things found.

I have discovered a pattern, and that is that I tend to like men who are short (Bob Newhart, Martin Freeman) and dark-haired (Christopher Eccleston, Matt Smith) or both (Kit Harington, Peter Falk).

The important part of this pattern is that it seems to (of late) continue in real life, as well.

Well, what am I saying. My affinities for Christopher Eccleston and Martin Freeman are very important parts of my real life. But I mean in the part of life that entails interacting with humans who do not star in British television shows.

I’m listening to a very good song right now called “Teir Abhaile Riu.” I’ve been getting back into my early teenage celtifreakitude. (I love inventing words.)

The point of discovering this pattern is that the aberration which is a drummer and the other pattern of manipulative blond guys I have encountered seem to be falling by the wayside, and this pattern of short dark-haired ones is emerging.

But I’m not sure if I’m growing into myself or only growing up.

(Not quite the same thing, are they?)

I don’t know. It may just be a phase. Maybe everything’s a phase. I do struggle with that a bit – the thought that when I am fifty I will have as many and as intense existential crises as I have now, except with less time and less resilience because I will be fifty by then. What if I never figure anything out?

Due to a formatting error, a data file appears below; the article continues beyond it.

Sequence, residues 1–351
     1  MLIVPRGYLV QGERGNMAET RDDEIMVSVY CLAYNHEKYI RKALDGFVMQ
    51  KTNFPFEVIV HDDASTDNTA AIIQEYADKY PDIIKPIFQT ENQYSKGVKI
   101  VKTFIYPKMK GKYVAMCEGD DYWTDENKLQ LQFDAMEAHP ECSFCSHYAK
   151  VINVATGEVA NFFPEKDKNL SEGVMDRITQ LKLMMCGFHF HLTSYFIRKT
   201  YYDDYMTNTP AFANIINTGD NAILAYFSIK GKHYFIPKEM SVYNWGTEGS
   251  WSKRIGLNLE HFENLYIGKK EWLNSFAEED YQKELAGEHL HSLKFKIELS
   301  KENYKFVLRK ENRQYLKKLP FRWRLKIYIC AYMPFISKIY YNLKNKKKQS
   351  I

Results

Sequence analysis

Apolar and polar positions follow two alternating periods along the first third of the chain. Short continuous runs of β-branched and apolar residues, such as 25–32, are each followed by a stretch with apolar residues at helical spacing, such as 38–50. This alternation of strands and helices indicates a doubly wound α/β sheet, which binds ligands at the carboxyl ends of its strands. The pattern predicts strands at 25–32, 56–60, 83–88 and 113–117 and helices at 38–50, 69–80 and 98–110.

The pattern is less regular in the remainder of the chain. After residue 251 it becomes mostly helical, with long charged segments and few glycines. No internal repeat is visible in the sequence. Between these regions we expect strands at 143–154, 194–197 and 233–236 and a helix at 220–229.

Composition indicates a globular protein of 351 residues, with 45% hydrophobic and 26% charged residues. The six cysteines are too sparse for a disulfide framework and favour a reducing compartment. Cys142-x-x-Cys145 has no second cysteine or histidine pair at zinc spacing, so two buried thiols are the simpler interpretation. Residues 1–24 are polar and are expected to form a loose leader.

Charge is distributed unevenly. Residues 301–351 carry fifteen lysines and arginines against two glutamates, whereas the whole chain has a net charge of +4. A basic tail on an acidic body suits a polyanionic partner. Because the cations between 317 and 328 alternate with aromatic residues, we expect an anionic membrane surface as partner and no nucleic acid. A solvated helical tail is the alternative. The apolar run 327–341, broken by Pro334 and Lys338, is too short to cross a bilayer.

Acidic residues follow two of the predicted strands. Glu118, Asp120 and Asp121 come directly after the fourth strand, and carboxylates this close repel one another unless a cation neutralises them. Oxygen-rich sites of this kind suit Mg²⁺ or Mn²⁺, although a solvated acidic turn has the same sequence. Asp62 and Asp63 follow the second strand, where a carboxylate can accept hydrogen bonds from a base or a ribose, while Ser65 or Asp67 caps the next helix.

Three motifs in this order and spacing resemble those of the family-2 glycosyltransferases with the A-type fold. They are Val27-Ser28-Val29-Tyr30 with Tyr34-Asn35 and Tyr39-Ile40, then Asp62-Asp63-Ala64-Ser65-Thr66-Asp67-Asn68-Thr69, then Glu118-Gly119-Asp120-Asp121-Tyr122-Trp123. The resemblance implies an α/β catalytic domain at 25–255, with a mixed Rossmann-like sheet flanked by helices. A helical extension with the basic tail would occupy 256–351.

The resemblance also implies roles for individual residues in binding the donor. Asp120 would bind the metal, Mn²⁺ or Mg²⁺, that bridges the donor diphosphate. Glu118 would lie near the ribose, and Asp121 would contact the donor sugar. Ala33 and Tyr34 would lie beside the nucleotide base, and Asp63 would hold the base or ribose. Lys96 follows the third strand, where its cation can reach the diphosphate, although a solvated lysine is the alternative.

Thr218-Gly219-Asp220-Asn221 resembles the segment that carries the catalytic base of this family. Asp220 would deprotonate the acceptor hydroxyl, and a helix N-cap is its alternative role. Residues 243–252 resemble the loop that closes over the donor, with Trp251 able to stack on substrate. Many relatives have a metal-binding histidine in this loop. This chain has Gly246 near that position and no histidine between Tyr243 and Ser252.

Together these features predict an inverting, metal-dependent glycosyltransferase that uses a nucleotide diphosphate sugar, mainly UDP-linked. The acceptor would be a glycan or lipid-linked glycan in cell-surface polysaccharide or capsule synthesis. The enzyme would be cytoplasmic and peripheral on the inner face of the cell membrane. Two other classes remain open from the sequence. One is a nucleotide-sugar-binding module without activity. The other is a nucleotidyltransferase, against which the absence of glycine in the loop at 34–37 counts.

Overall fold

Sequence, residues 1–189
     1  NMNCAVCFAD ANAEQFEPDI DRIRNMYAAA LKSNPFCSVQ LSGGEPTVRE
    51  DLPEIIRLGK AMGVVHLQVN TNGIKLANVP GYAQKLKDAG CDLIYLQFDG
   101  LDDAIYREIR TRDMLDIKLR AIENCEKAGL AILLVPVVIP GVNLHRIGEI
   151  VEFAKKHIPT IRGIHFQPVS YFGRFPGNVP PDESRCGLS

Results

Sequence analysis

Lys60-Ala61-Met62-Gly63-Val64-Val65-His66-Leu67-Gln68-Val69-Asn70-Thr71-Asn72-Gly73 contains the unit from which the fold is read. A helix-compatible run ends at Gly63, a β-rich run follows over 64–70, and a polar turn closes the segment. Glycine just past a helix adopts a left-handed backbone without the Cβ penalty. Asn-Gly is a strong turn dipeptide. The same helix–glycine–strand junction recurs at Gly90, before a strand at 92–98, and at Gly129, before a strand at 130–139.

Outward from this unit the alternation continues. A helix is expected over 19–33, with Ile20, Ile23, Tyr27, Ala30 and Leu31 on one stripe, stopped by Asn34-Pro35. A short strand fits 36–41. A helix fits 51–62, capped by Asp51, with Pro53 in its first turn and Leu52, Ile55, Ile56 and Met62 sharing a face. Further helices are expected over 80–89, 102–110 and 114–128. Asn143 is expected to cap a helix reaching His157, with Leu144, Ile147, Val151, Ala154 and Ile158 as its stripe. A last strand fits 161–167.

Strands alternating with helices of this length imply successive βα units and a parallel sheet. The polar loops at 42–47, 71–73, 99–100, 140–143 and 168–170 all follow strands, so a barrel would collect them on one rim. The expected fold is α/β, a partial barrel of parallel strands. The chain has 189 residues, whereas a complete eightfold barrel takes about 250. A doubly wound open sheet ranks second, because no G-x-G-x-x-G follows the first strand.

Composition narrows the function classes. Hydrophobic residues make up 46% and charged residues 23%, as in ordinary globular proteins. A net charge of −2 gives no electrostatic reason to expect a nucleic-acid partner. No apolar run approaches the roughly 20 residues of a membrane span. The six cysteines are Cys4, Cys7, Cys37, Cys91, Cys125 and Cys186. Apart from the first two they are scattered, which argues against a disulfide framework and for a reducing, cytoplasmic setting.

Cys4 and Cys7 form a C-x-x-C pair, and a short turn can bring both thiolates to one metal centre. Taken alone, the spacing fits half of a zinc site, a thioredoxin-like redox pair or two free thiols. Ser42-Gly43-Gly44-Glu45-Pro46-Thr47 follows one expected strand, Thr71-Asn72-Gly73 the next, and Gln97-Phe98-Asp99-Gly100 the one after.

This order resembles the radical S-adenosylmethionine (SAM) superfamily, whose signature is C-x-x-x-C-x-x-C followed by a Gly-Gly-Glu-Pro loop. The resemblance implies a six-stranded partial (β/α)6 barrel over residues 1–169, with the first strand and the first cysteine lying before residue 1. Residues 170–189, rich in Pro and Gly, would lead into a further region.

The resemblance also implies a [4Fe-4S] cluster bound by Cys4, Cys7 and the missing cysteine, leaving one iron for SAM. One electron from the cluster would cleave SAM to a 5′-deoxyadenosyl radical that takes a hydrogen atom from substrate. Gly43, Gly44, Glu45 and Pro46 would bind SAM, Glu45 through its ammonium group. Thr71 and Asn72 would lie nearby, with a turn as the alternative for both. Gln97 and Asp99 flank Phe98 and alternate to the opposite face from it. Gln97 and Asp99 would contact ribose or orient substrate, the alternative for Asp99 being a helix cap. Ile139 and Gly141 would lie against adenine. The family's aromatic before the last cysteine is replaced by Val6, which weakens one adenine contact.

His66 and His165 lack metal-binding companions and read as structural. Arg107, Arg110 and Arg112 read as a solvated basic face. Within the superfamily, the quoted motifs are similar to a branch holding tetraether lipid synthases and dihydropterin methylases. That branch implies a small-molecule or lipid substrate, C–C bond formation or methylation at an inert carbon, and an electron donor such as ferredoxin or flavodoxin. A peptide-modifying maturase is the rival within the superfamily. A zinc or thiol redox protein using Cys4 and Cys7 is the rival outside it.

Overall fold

And then again, think of the bit where I have things figured out now that I didn’t have figured out a year ago, or two, or five. Although to be perfectly honest I can’t name anything off the top of my head. We’ll just hope I did figure out something.

Also, this week set a record for something.

To date, two of my closest friends have discussed, with me, the possibility of getting married to someone else who is not me. Both of these friends were female discussing the possibility of marring her boyfriend (one) and a guy who had randomly proposed over the internet (the other – it makes sense if you know her. And him).

And I don’t know – it just makes me realize how very close the rest of my life is.

The days are long, but the years are short. And these years are already whizzing by. I’m going to Sweden in less than one. Am I ready? Like heck. (That means no.) And after that is over, it will be as much time left in Pocatello as there was before I went to Sweden. And then I’m really an adult. (Ideally.) Like a job-holding, diploma-possessing, rent-paying one. (Help me out here, universe.) Or maybe there’s grad school, or who knows what.

I am nineteen years old today (well, not only today) and I am mildly terrified. Of what? Of being twenty, and then twenty-one, and later twenty-five and later still thirty and someday dead.

And I am honestly terrified of everything that happens in between.

Pertinent lyric from the song I am listening to: “Long, long streets before me”

I suppose what I’m getting at is that if the rest of my life all happened tomorrow I wouldn’t be ready.

But that said, the rest of my life may begin tomorrow (excuse me as I wade through the cheese surrounding that statement), but it doesn’t all happen tomorrow. Which is also scary but not so much as the alternative.

I am scared of living through every last day. It’s a lot. It’s a massive experience.

Then again, as stated, it’s better than the alternative.

Okay. I’ll shut up and go do something sensible.

 

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